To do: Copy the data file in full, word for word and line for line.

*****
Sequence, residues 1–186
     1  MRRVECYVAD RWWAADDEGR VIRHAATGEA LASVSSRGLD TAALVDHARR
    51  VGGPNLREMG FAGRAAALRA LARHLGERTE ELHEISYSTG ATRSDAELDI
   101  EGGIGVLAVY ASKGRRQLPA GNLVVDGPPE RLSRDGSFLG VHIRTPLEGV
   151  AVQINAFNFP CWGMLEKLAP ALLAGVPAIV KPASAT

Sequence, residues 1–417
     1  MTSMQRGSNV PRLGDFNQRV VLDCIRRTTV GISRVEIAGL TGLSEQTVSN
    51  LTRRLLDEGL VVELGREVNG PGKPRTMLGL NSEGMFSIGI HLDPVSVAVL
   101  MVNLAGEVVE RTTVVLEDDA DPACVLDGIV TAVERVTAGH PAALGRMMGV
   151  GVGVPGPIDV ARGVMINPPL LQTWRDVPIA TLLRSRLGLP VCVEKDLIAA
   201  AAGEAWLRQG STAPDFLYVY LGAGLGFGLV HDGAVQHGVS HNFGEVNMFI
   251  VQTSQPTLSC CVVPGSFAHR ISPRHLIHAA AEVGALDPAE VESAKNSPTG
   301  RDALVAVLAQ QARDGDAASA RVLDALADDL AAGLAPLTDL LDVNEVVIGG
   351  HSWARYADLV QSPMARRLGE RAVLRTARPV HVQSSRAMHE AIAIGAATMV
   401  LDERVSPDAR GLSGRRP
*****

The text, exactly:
Sequence, residues 1–186
     1  MRRVECYVAD RWWAADDEGR VIRHAATGEA LASVSSRGLD TAALVDHARR
    51  VGGPNLREMG FAGRAAALRA LARHLGERTE ELHEISYSTG ATRSDAELDI
   101  EGGIGVLAVY ASKGRRQLPA GNLVVDGPPE RLSRDGSFLG VHIRTPLEGV
   151  AVQINAFNFP CWGMLEKLAP ALLAGVPAIV KPASAT

Sequence, residues 1–417
     1  MTSMQRGSNV PRLGDFNQRV VLDCIRRTTV GISRVEIAGL TGLSEQTVSN
    51  LTRRLLDEGL VVELGREVNG PGKPRTMLGL NSEGMFSIGI HLDPVSVAVL
   101  MVNLAGEVVE RTTVVLEDDA DPACVLDGIV TAVERVTAGH PAALGRMMGV
   151  GVGVPGPIDV ARGVMINPPL LQTWRDVPIA TLLRSRLGLP VCVEKDLIAA
   201  AAGEAWLRQG STAPDFLYVY LGAGLGFGLV HDGAVQHGVS HNFGEVNMFI
   251  VQTSQPTLSC CVVPGSFAHR ISPRHLIHAA AEVGALDPAE VESAKNSPTG
   301  RDALVAVLAQ QARDGDAASA RVLDALADDL AAGLAPLTDL LDVNEVVIGG
   351  HSWARYADLV QSPMARRLGE RAVLRTARPV HVQSSRAMHE AIAIGAATMV
   401  LDERVSPDAR GLSGRRP